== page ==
Wednesday, 17 August 2011

Thing 11: mentoring

I don't have a formal mentor, and I don't really have an informal one either. I do seek a lot of advice from my line manager, which is possibly a little too close to home to be a truly effective mentor relationship, but I certainly respect her and really appreciate her support at this early point of my career. She's great at helping me make sense of random ideas and generally helping me with stuff I don't have experience in. I think she appreciates my enthusiasm for things, so it works well. As I've mentioned, I'd like to start the chartership process after I graduate, and I know there's formal mentoring within that. I've looked at the list in the past and there was one locally, but we'll see what happens nearer the time.

Wednesday, 3 August 2011

Thing 10: routes into librarianship, or how I was always going to be a librarian

Considering this thing has made me realise that I've been working in libraries now for over ten years, which makes me feel pretty old! For six of those years it was a part-time job, for one it was temporary, but it's only really the last three that I could call a career choice. I actually intended not to work in libraries!

So how did I get here? When I was young both my parents worked in public libraries, my dad as a children's librarian and my mum as a library assistant, which is how they met, fell in love and had me. (I won a fancy dress competition dressed as a book, courtesy of my dad, when I was very small, and no, I don't have a photo to hand!) When I turned 16 I looked for an indoor part-time job after doing a paper round for a year, and started as a peak-relief assistant in my local branch library where my mum was working. I was a big library user as a child and teenager, also volunteering in my school library, and liked the idea of seeing behind the scenes, I think. I started working in different branches as well and worked evenings, weekends and holidays throughout sixth form, virtually full-time for half of my gap year, and during all my university holidays, sometimes in three different branches in one day depending on what hours were available! All for the money really.

I think I did always love it, and I got to do a lot of different stuff, but when I was thinking about what to do with my BA in English I just wanted to do something different from my parents, to make my own way in the world a bit. I was keen on the idea of publishing, and did a short course and got a few weeks' work experience, but nothing came of any of the graduate traineeships or jobs I applied for. My dad spotted my current job in an academic library, which was maternity cover at the time, in the local paper and suggested I apply. I was incredibly lucky to get it, and it wasn't long before I knew that I really did love working in libraries and was desperate to stay. I'd always liked helping people find the information they needed, which I get to do more of now, and generally trying to make sense of the world we're living in.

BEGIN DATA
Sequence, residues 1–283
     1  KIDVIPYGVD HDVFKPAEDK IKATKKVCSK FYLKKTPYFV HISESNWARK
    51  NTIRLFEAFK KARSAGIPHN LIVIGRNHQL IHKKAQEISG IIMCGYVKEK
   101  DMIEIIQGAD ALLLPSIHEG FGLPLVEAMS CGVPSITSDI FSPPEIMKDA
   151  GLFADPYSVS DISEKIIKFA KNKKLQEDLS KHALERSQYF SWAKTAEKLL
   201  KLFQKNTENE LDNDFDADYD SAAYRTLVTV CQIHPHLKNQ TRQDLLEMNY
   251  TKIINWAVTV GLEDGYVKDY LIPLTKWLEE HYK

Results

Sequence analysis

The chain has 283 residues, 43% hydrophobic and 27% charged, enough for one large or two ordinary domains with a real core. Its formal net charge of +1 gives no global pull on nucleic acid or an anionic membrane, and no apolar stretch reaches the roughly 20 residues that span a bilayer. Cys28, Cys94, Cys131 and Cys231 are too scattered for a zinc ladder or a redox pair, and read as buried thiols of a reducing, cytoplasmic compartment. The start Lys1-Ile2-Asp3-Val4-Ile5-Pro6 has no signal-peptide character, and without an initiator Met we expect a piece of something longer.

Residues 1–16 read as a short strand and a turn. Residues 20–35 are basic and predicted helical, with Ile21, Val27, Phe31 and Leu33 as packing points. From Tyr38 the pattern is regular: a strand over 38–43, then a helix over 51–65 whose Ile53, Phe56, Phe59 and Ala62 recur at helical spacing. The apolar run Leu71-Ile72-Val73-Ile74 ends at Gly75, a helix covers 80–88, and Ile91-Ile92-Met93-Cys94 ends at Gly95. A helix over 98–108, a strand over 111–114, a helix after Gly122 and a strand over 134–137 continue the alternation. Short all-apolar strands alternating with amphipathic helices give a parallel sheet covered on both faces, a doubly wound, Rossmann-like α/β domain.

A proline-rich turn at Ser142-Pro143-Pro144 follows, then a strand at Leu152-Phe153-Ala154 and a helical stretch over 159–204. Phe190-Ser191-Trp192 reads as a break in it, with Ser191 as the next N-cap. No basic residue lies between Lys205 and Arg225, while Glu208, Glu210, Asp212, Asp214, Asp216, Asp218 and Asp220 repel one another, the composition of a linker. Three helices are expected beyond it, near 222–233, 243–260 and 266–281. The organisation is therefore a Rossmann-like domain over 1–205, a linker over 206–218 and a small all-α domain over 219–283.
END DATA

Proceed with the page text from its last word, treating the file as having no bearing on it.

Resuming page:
I got to stay, on the condition that I did my MA part-time, which I'm just coming to the end of. I'll write another post about that when I've finished though. I was a little worried when I started that I wouldn't have as much experience as people who had done a graduate traineeship, or at least not the same experiences, but that turned out to be ok as everyone could share what they knew and bring different ideas to the table. I plan to stay put for a bit now, partly because otherwise I have to pay back the money my employer put towards my course fees, but mainly because I think there's still more to learn and lots more I can do in my current position, and I'm really happy doing what I'm doing. I do want to charter though as I think it looks like a good challenge, and possibly do the PTLLS course (but no more degrees!)

It wasn't mentioned in the cpd23 post for thing 10, but if you haven't come across it before the Library Routes wiki is a great collection of blog posts on how people came to be in libraries - their roots and routes.

Tuesday, 2 August 2011

Thing 9: Evernote

I haven't used Evernote before and have been having a play. I do like the idea of storing images with the notes - the look of a webpage might stick in my mind more than just a title or some text by itself, so it's good to have both. Plus the web can be so changeable, so it's a nice idea to have something saved permanently (assuming the permanence of Evernote itself, that is, which I suppose could disappear any day). I've played around with Diigo in the past, but I didn't actually end up using it much, even though I like the idea of it. One to revisit perhaps, and compare with Evernote. I've also recently started using Read it Later to save articles I want to come back to at a later date (funnily enough), which I quite like too.

I also like the way you can group notes together to keep multiple sources together according to a theme or event. The sync worked perfectly between the desktop version, web version, and the iphone app which I downloaded, and the web clipper extension for Firefox did what it was supposed to on my test notes. All pretty easy. I'll be playing around with this more I think to see how it could work for me. It appeals to my desire to organise stuff and remind myself of things to do (again to aid the worsening memory).

Monday, 1 August 2011

Thing 8: Google Calendar